You’d be hard pressed to find a recruiter without LinkedIn open in a browser window these days, but Twitter can be a very useful addition to your recruitment arsenal.
Lots of recruiters are on Twitter to post up opportunities, but many either don’t use it often or have simply given up on it altogether. They’re missing a trick though, and all you need to make the most out of the channel is to up your Twitter-Fu.
So what is such a turn off for recruiters about Twitter?
Well, building a follower base can be tough due to the amount of time needed to engage and converse with candidates and businesses, whilst posting your own decent content at the same time.
It can also be quite hard to find the right people on Twitter. Which candidates are worth your time? Which companies are recruiting and are they appropriate targets for you? How do you find any of them?
Lastly, as is often the folly of many a recruiter, if they don’t see results straight away, they go straight back to their original methods and forget all about it.
If you haven’t already got an account, set one up. Make sure you put some information in your bio about what area you specialise in (if any), and perhaps even in your display name and handle too.
Be careful though, you don’t want to appear overly robotic and business-like, as having an approachable personality on Twitter will play in your favour.
Next up, start following some people. Twitter will help you find people you already know by scanning your Gmail, Hotmail, Yahoo or AOL address books.
A great way to kick start your follower base is to send out an email announcing you’ve joined Twitter to your colleagues, clients, candidates and anyone you deem to have a close enough professional relationship with.
If the business you work for has a corporate account, make sure you form a relationship with whoever runs it and get your posts re-tweeted.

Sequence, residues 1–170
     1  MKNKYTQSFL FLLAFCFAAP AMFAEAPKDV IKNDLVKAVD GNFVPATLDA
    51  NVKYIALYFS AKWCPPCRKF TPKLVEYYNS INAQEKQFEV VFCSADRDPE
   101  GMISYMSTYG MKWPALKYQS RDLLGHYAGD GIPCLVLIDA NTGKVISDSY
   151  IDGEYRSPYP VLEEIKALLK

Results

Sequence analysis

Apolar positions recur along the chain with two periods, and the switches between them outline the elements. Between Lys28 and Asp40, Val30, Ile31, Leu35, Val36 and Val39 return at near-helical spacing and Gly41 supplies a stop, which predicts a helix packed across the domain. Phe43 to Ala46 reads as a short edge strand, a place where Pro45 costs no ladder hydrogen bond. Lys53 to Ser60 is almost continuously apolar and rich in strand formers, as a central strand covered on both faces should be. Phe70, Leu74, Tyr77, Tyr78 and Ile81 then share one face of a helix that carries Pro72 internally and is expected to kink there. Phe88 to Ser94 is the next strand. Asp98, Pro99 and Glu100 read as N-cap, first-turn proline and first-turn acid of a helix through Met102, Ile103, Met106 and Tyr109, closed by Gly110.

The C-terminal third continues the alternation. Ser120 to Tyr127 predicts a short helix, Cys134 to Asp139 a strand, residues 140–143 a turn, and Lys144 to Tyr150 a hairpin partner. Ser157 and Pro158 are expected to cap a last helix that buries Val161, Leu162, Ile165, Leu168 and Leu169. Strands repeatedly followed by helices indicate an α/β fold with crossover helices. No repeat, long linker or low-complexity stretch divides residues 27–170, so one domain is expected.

These are the basics, and as long as you make sure you’re posting at least once or twice a day and engaging with industry influencers and anyone who already follows you, your follower base should grow organically.
So how do you find those all-important clients and candidates?
Once you’ve followed a decent amount of accounts, sort them in to “lists” depending on which category they fall into, then in future you can quickly see only the updates from those accounts without having to sift through everything else.
Twitter’s search function is a very powerful and underrated tool, and when used correctly it can provide you with great new biz opportunities and great candidates.
Your first stop should be to decide on a Twitter client that supports bespoke search streams. This means that you can set up a dashboard tailored searches that bring the people you want to be talking to straight to your front door.
You can also now set up streams for any lists you have set up.
Web apps like Hootsuite and Tweetdeck come highly recommended, but there are loads of other providers out there if you’re the picky type.
On the hunt for new clients? Set up search streams with phrases like “we are hiring UK” or “looking for project manager”. Get clever with it and stuff in specific locations or areas, for example “Bristol vacancy head chef”.
Have a play around and see what sort of results you get. It’s likely that there will be agencies in there as well, but you’ll get good at scanning and refining searches, plus it might lead you onto a role going that you didn’t already know about.
The same goes for candidates. Try things like “want chef job Bristol”. It’s words and phrases like “looking for”, “want” and “searching for” that will help separate candidates from recruiters and job ads.
Get creative with hashtag searches. It can be difficult to bring up relevant posts through them, but they’re worth a flick through because you can find some gems of leads. Try things along the lines of “#jobhunt”.
Twitter is never going to take over all the usual channels of client and candidate sourcing, but spending 10 or 20 minutes a day browsing search streams and engaging with people could give you the edge and bag you that niche client or candidate.
About the Author:
Paul Drury | Marketing Executive | Intapeople.com
Paul is the staff writer and marketing exec at IT recruitment agency, Intapeople. He’s been writing for the web for 3 years on a variety of subjects, but currently specialises in recruitment and job hunting. Paul is passionate about digital marketing, social media, and sandwiches.
Twitter Handle: @intapeople